A step-by-step guide to turning your dream nonprofit organization into reality
Starting a nonprofit that will operate as a tax-exempt organization and accept tax-deductable donations is a noble endeavor. It is also a complex one. It is not a matter of simply filing a document; there are multiple jurisdictions involved, and the route from conception to hosting fundraisers can take several months, longer if you’re not fully prepared.
Please don’t misunderstand—I’m not trying to scare you out of your plan. Starting a tax-exempt nonprofit organization is far from impossible. But it’s important to be aware of all of the moving parts right from the beginning; it’s easy to get so excited about your mission that you lose the forest for the trees and miss out on important filings and deadlines.
First, some preliminary information:
Forming a 501(c)(3) nonprofit is a matter of two main processes: registering as a nonprofit corporation* at the state level, and then applying for tax exemption with the IRS.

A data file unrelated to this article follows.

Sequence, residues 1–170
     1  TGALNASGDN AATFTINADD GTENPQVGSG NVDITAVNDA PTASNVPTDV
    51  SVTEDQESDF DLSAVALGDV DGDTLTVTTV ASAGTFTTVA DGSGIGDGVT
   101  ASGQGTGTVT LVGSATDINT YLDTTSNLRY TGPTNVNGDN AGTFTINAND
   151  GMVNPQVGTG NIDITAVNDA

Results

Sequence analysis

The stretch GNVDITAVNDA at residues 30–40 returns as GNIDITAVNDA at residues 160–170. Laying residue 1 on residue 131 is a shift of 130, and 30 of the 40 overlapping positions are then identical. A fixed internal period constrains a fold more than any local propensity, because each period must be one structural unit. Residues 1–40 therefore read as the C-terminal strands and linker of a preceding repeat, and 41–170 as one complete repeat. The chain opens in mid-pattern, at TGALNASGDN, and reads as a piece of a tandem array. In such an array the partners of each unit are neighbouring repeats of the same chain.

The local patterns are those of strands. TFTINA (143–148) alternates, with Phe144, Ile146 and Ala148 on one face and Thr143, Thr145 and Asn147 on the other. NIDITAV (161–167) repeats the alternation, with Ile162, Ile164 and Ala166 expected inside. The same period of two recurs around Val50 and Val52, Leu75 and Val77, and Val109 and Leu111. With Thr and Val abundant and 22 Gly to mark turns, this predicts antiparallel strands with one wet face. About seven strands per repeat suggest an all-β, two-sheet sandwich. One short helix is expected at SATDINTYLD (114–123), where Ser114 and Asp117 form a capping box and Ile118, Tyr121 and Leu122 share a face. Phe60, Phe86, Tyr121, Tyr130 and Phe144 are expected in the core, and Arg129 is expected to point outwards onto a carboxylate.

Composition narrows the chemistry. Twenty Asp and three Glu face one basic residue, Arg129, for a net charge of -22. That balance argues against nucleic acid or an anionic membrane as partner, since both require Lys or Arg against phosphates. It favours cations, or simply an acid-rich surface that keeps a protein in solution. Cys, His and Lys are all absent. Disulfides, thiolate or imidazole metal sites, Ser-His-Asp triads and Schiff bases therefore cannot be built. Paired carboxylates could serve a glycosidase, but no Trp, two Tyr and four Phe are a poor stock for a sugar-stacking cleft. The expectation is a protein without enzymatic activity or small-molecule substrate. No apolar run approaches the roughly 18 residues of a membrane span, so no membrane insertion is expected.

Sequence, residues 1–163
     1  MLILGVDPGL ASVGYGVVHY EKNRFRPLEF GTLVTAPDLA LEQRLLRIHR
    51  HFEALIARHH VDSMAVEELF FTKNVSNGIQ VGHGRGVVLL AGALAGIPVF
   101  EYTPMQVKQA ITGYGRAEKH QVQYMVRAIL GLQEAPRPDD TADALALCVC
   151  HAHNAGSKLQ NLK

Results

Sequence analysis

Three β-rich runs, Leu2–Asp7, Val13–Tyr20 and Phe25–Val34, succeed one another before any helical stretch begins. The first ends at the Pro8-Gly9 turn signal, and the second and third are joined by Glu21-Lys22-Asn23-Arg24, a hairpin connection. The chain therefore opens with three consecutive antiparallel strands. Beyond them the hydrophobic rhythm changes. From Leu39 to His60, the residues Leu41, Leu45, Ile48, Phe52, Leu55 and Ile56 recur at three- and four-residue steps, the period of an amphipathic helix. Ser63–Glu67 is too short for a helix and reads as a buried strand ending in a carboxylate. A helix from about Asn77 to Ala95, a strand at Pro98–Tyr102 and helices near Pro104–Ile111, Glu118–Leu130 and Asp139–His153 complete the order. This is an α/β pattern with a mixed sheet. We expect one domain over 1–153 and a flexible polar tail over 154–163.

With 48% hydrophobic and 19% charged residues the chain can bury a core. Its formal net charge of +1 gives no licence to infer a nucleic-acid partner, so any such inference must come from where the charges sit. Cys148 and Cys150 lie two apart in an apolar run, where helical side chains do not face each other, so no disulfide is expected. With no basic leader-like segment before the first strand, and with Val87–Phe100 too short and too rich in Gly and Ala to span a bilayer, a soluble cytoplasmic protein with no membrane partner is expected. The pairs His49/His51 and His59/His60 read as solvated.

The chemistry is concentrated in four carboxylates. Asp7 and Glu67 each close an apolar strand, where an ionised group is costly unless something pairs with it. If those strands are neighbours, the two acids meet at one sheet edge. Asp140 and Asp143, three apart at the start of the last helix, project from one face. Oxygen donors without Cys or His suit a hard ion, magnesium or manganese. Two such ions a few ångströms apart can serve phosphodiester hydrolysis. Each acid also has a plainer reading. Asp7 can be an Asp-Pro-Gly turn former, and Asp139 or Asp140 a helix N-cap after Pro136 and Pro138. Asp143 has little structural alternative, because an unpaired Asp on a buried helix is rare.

What does it mean to be a “tax-exempt” organization?
A tax-exempt nonprofit organization, broadly, is one that is formed for one of the purposes recognized under section 501(a) of the Internal Revenue Code. Rather confusingly, 501(c) organizations are covered under section 501(a). This lens is about forming a 501(c)(3), perhaps the most commonly known type of 501(c) organization.
To qualify for a 501(c)(3), your organization must be formed exclusively for one of the following purposes:
- Public safety
- Cruelty prevention (animals and children)
*An individual cannot qualify for tax-exemption under a 501(c)(3), but a corporation can (as well as certain other entity types: a foundation, for instance). This article focuses on a nonprofit corporation structure.
So how do you set up your organization as a tax-exempt nonprofit 501(c)(3) corporation? Let’s take a look at the main steps in getting your organization off the ground.
Steps to File for 501(c)(3) Tax-Exemption
Step 1: Select a Name for Your Nonprofit
Many nonprofit organization founders have had the perfect name for their organization picked out since the day they decided to form a nonprofit. But hold off on printing a thousand glossy promotional brochures and plastering your name all over the Internet—it’s worth checking to see if the name is even available first!
Unfortunately, there isn’t one giant government database that you can check your nonprofit name against and be assured that you won’t run into any legal snags along the way. There are a few different places you’ll need to search. Let’s take a look at some of those places.
Secretary of State’s Database